The most closely watched game these days is not taking place on any sports field but in California between the state and online retail giant Amazon.com.
At the heart of the controversy is a new law that would impose a use tax collection duty on Amazon under certain circumstances…and Amazon is putting up a fight.
And Amazon plans on taking its fight against California’s controversial new law to the court of public opinion, rather than California’s court system, Kelly Phillips Erb, the resident Taxgirl at Forbes, reports. Given that courts in New York have sided with the state on this issue, Amazon.com feels that it has a better chance of winning with the public, Erb writes. So, Amazon is seeking a “people’s veto” on the matter by going through California’s referendum process. “That means that Amazon has to collect 504,760 signatures to get the measure on the next ballot,” Erb says.
Amazon is not asking voters to “decide that forcing online merchants to collect sales tax based on the presence of affiliates is not good tax policy,” Erb notes. It “believes that the new law is unconstitutional and it wants voters to agree.” Which Erb feels is an issue better left to the courts.
But, as pointed out to the New York Times by Evan Westrup, a spokesman for Gov. Jerry Brown, Amazon may have a bigger problem on their hands: “Where does Amazon plan to collect these signatures — in front of bricks and mortar retailers that collect sales tax everyday?”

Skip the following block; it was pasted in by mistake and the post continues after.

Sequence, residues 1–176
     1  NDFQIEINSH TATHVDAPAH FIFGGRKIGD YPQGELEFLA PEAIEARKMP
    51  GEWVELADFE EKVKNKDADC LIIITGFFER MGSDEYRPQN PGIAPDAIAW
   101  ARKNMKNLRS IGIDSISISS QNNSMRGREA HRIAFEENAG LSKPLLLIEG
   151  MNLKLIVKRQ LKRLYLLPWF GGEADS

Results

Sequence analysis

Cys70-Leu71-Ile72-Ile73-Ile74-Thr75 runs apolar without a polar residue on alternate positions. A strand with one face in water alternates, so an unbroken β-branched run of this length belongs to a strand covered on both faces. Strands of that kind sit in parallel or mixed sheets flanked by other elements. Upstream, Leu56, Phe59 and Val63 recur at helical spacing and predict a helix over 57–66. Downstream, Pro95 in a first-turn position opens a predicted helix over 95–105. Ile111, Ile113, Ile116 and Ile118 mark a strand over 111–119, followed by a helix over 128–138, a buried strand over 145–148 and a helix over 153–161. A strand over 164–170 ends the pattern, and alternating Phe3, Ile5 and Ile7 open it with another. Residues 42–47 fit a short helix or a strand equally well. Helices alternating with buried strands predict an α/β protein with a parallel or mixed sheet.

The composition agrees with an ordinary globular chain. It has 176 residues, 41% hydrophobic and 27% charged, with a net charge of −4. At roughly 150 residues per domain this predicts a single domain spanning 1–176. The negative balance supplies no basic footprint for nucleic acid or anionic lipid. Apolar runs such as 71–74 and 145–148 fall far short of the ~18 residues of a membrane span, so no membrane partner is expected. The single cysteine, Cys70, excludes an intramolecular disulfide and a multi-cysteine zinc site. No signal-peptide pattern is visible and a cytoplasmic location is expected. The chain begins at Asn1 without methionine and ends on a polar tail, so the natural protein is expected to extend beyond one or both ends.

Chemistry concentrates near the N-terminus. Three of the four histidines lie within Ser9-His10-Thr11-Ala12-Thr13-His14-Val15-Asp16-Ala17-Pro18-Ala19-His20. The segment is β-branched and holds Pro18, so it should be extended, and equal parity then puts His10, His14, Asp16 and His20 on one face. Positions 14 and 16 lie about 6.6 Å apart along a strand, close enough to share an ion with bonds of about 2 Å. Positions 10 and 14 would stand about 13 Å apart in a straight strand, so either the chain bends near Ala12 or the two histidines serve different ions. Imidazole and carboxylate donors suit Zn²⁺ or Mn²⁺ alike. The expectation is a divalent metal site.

In other developments,
No good deed goes untaxed,the New York Times notes, reporting on the tax implications facing the fan that returned Derek Jeter’s 3,000th hit.
Continuing with the baseball theme is the Tax Foundation, which detailed the state tax implications of Washington Nationals' prospect Bryce Harper's move from Maryland to Pennsylvania.
For an overview of “Amazon” laws among various states, see a new report issued by Joseph Henchman of the Tax Foundation.
A new article by Mark Rotatori and Elizabeth Jenkins, both with Jones Day Chicago, warns of the dangers involved with using outside auditors on a contingent-fee basis.
Alabama is apparently a stickler for following rules: a case out of the state’s highest court dismissed a million dollar use tax assessment because the assessment was not signed by hand but instead was signature stamped, Sutherland’s SALTOnline reports.
For those of you interested in engaging in some retail therapy, the Federation of Tax Administrators has updated their annual list state sales tax holidays.
By Priya D. Nair
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